( Schuh and Upcraft, “Maintaining High Standards of Ethics and Integrity”, in Schuh

                                           and Upcraft, Assessment in Student Affairs)


I.                   Kitchener’s Five Ethical Priniciples


A.    Respecting Autonomy


1.      respecting one’s right to make choices (as long as their actions do not interfere with the welfare of others

2.      With respect to assessment, this relates to the idea that students should not be forced to participate in assessment activities and their anonymity needs to be protected


B.     Doing No Harm


1.      Review by the institution’s Institutional Research Board (IRB) is very helpful


C.    Benefiting Others


1.      Promoting the health and well-being of others


D.    Being Just


1.      fair treatment of individuals

2.      fairness in the distribution of resources

3.      Application to assessment: impartiality and accuracy of the data are important; results can be an impetus for improving students’ well being


E.     Being Faithful


1.      Concepts of loyalty, keeping promises, trustfulness, and basic respect


II.                Use of the Institutional Review Board (IRB) for the Protection of Human Subjects


A.    Consult with the IRB before undertaking assessment

B.     The IRB consists of individuals with formal responsibility for the institution

C.    They act to review submitted research proposals in terms of ethics and protection of participants in the research study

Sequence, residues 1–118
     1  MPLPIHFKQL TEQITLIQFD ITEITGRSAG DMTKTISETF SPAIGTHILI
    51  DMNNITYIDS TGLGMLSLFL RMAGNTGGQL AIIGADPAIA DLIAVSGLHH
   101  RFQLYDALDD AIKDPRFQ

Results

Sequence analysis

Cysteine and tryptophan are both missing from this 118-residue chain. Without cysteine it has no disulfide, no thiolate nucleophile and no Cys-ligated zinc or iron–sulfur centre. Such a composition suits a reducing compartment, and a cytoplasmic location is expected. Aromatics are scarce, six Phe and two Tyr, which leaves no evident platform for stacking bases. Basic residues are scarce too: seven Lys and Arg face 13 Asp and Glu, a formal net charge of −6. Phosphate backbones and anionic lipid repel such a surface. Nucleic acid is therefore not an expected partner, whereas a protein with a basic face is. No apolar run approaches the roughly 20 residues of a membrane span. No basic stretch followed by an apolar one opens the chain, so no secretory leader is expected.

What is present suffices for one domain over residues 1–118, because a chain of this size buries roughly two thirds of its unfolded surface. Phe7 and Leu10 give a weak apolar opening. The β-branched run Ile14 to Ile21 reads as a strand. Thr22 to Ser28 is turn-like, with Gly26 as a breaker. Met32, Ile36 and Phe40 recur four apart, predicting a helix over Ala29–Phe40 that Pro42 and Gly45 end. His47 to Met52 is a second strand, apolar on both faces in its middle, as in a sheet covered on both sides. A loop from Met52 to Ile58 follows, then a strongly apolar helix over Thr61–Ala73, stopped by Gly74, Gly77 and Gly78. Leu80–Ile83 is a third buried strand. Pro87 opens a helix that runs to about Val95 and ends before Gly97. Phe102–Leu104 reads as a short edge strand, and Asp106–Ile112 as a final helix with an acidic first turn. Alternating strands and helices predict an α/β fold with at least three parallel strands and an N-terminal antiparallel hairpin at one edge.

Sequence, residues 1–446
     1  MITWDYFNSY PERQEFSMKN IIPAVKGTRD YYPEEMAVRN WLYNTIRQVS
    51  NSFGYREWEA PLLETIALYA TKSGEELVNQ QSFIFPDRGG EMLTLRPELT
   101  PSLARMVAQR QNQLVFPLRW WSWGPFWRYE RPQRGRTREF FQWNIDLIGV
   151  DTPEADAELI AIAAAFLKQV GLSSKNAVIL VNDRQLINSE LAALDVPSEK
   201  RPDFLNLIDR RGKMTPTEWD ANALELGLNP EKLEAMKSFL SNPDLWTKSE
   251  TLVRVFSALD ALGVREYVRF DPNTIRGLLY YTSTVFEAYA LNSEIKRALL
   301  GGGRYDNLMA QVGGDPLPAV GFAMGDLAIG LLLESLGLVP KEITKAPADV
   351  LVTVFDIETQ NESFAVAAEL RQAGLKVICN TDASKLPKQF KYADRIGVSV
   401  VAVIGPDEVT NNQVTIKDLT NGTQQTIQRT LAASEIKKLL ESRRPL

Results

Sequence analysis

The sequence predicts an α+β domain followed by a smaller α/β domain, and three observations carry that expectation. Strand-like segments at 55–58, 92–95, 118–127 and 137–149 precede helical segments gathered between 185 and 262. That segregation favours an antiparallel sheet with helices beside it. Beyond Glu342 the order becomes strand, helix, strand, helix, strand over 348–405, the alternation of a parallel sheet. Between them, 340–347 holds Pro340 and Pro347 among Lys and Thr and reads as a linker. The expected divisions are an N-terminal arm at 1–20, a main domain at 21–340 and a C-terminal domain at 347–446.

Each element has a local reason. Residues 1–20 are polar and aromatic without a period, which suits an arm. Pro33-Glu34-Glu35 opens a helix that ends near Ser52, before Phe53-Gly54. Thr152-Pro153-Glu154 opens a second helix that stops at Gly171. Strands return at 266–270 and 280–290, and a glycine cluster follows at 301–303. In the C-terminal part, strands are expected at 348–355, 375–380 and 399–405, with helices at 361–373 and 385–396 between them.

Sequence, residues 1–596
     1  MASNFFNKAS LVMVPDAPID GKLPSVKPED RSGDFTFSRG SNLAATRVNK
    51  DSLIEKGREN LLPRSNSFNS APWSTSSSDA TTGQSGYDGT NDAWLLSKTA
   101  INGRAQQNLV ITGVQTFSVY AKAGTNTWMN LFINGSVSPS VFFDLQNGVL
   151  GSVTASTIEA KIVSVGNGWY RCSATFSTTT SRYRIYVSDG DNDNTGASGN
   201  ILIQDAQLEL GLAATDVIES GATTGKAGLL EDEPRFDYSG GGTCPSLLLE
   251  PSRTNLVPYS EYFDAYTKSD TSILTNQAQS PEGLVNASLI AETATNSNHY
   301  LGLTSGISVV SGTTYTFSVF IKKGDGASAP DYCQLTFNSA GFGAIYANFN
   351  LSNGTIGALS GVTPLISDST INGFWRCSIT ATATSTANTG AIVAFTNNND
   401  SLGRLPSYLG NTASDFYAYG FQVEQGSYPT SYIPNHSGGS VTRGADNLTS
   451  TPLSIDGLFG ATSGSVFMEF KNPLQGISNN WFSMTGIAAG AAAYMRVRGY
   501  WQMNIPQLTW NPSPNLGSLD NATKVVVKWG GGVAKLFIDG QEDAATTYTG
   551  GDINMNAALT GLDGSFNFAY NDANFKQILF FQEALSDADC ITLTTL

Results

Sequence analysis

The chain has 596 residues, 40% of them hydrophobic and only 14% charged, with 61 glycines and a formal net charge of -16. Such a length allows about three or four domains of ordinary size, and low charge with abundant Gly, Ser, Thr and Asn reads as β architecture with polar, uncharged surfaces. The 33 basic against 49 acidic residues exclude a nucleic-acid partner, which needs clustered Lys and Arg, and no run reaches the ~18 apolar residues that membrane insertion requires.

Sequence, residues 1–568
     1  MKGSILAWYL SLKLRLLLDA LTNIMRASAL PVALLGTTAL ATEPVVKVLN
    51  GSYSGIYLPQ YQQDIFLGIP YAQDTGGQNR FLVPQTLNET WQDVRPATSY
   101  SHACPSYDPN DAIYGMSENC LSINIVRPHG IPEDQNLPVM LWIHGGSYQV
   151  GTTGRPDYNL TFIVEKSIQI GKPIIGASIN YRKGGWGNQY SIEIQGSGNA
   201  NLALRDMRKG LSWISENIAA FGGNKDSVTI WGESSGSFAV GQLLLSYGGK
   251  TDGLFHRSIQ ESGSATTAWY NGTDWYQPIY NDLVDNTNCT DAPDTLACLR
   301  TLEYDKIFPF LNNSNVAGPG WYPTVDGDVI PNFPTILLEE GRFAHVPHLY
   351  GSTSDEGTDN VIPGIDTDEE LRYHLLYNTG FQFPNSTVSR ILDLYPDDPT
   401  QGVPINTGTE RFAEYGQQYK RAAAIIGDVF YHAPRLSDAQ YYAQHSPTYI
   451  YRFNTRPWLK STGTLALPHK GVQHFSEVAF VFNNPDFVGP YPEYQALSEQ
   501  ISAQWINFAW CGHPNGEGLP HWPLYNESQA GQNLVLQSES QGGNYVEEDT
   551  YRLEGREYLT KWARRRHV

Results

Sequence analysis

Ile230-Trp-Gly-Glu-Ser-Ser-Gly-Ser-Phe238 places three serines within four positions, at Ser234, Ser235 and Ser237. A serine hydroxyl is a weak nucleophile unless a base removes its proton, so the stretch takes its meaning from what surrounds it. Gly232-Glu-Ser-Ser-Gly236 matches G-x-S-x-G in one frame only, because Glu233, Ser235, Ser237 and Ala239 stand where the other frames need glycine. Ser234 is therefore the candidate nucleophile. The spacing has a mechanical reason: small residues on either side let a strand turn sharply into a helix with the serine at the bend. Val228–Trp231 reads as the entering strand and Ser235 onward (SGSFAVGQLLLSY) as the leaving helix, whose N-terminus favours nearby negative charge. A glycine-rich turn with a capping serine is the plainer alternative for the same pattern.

D.    Dr. Sandra Holmes in the chair and contact person for the UWSP  IRB


III.             Major Ethical Issues in Assessment


A.    Accuracy


1.      Attention to detail

2.      Results are not over- or under-played


B.     Quality


1.      Rigorous methodology

2.      Elimination of bias


C.    Confidentiality


IV.             Ethical Considerations In Field-Based Research


A.    Confidentiality

B.     Honesty

C.    Responsibility

1.      Minimizing negative consequences or disruption to respondents


D.    Fair Return


V.                Working With Respondents


A.    Protecting Subjects From Harm

B.     Obtaining Informed Consent

C.    Treat Respondents With Respect

D.    Guard Against Deception

E.     Protect Confidentiality


VI.             Other Ethical Dilemmas


A.    Data Access and Ownership


1.      Does the data belong to the investigator or the institution?


B.     Negotiating An Agreement


1.      Determine why the project is being conducted

2.      Identify potential uses of the data the investigator will collect

3.      Retain ownership to the data the investigator collects

4.      Guarantee that one’s professional autonomy in designing the project and data gathering will not be compromised

5.      Retain rights to publish the material

6.      Raise and discuss any potential conflicts of interest


C.    Role Conflicts


1.      Clear up roles all of the parties involved

2.      A study that no one wants should not be conducted

3.      Discuss the findings before publishing them


D.    Evaluator Effects

1.      Check oneself for biases and strongly held opinions in the area being researched

2.      Maintain neutrality in one’s assessment approach


E.     Secondary Data

1.      If relying on other’s data, make sure it is accurate